GIS for Visualising Scotland’s Toll Roads - Exploring the Past to Explain the Present

GIS for Visualising Scotland’s Toll Roads - Exploring the Past to Explain the Present

There are still a handful of bridges, tunnels, and roads in the UK where tolls are still collected, along with a couple of more recent road-pricing schemes. In Scotland, all tolls on roads or bridges have been removed. In the past, there were frequent references to turnpikes or toll roads in Scotland’s guide books - although none were ever mapped. Today, we still use the same roads and there are some 400 surviving toll houses scattered across Scotland’s landscape as evidence.

Most of us are blissfully unaware of the major impact that these had on the development of our current road transport network. The legacy of Scotland’s turnpikes is hard to escape owing to the sheer size of the network that once existed, and the fact they were Scotland’s most important routes of transport for well over half a century. Between 1750-1870, there were some 370 road and bridge acts passed in Scotland to establish turnpike trusts leading to a road network that ran for thousands of miles with construction costs running well into millions of pounds.

Revolutionising Scotland’s Transport

In 1750, Scotland was on the brink of a period of major industrial and agrarian change that would ultimately transform the lives of the Scottish people. Key to this change was the simultaneous arrival of the turnpike era that would revolutionise Scotland’s road network and play a pivotal role in the coming century. But how big was this network, when, and where did it develop?

A recent study by McEwan (2018) used a combination of historical sources and GIS mapping of the toll road network to begin to visualise the scale and extent of Scotland’s first industrial revolution, and also to examine the importance of communications and connectivity in the formation of modern day Scotland.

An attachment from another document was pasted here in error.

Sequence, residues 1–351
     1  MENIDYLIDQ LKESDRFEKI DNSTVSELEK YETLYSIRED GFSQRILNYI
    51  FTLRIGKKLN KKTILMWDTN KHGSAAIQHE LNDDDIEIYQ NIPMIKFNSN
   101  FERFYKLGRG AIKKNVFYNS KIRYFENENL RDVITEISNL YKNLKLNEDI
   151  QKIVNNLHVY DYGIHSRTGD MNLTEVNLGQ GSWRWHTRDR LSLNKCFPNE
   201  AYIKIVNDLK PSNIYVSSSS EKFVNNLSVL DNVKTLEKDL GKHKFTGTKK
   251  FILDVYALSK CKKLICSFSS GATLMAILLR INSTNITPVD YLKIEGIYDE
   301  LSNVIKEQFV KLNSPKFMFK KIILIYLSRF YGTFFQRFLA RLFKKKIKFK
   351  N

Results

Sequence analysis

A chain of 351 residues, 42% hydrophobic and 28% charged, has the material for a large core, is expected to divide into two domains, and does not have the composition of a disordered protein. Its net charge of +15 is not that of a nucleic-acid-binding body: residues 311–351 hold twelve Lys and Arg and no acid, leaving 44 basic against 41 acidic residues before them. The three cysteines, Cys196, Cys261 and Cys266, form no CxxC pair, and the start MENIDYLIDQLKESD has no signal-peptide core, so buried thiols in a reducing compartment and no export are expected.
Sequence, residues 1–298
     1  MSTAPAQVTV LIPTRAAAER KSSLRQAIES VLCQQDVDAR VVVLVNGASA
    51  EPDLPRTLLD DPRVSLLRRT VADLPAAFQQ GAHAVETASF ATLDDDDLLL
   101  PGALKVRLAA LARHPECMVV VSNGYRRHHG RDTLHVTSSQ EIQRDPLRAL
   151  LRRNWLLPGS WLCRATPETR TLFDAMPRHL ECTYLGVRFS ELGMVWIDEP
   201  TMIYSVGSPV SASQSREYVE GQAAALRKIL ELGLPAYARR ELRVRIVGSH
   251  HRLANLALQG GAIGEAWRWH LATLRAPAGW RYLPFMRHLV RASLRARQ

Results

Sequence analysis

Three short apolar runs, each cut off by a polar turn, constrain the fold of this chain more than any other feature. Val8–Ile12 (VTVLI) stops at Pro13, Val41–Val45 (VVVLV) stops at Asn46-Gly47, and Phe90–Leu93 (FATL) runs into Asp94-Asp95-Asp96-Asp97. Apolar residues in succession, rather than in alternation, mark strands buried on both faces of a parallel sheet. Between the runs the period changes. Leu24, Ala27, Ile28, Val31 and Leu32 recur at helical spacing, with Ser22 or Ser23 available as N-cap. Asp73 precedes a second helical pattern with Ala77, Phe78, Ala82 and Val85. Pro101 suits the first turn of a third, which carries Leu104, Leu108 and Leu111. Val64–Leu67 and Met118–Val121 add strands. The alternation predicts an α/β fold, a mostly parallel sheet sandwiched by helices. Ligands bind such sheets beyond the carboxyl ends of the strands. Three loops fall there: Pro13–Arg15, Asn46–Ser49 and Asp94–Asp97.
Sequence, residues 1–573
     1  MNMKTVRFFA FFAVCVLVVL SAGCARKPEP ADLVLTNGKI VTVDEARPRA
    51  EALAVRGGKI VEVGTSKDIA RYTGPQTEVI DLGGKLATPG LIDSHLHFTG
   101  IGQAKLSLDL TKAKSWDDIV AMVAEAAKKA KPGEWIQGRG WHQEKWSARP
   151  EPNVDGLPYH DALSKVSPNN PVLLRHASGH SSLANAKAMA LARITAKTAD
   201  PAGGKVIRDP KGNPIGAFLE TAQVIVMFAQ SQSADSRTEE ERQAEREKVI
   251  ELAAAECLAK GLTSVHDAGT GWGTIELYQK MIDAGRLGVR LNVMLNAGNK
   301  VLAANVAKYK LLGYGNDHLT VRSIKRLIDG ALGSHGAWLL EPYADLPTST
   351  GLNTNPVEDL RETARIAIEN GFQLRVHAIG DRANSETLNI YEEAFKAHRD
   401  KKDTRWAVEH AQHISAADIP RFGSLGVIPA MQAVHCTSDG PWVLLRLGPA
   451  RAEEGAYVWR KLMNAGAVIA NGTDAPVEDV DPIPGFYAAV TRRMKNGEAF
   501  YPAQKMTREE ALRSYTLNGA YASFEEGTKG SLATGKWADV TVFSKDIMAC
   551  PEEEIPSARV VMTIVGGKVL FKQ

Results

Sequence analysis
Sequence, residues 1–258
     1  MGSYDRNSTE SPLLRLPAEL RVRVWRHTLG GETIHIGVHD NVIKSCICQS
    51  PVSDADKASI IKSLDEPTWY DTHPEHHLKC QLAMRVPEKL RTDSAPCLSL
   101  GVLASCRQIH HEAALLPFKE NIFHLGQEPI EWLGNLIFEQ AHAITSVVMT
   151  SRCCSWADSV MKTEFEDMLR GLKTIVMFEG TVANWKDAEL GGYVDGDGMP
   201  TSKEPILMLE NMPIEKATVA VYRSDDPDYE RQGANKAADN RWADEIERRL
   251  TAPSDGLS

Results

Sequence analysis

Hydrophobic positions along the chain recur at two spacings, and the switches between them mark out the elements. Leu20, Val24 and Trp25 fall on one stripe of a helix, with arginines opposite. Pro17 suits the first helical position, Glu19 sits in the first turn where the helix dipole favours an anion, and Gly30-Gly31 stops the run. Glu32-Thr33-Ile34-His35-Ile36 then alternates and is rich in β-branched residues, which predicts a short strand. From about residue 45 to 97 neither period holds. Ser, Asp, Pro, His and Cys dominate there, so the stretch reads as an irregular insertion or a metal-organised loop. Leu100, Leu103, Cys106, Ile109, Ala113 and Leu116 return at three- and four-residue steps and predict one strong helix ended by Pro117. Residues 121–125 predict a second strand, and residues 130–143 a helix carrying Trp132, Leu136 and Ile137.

The historical evidence was gathered from the Old Statistical Accounts, the New Statistical Accounts, various volumes and editions of the Statutes at Large/ Public General Statutes, the Journals of the House of Commons, minutes of road authorities, and a variety of other information notably the ‘improving’ literature of the late 18th century. This information was also used in conjunction with the English turnpike literature for comparison, and with early modern Scottish histories for placing these roads in their wider context.

Mapping the Toll Roads

ESRI’s ArcGIS 10.5 GIS software was used to map Toll Roads for three time periods: 1750-1770, 1770- 1790, and 1790-1800. Toll Roads were identified with the aid of historical literature, a Road Atlas, Google Maps, and two freely available digital datasets of the road network of Scotland: OpenStreetMap and OS OpenData. GIS tools were used to search for the road of interest identified, to sub-set the map dataset to create a new road map layer, and then add two new fields into the road attribute tables of the sub-setted data: Toll Road (Text: Y/N) and Year (Integer: 1750, 1770, or 1790) to allow the toll road network to be mapped. Using the ArcGIS View function and the Year field to represent the three years, the layers were mapped.

The Turnpike Map

Chronological mapping of the toll roads in Scotland has provided a visual way to help improve our understanding of an innovation that was to play a critical role in a critical period of Scottish history. The maps produced have helped to visualise the evolution of the toll road network over both space and time, opening a door to further study of this largely forgotten road network. The result is a simple GIS map, but one that provides significant insight into the major periods of growth and decline in the Scottish toll road network and one that can clearly be linked to major economic, operational, and social transformations. Whilst it is clear that turnpikes were economically influential, Scotland’s turnpikes also played an influential role in the social and cultural transformations of their era and ultimately in transforming the very fabric of Scottish life.

This article was published in GIS Professional October 2018

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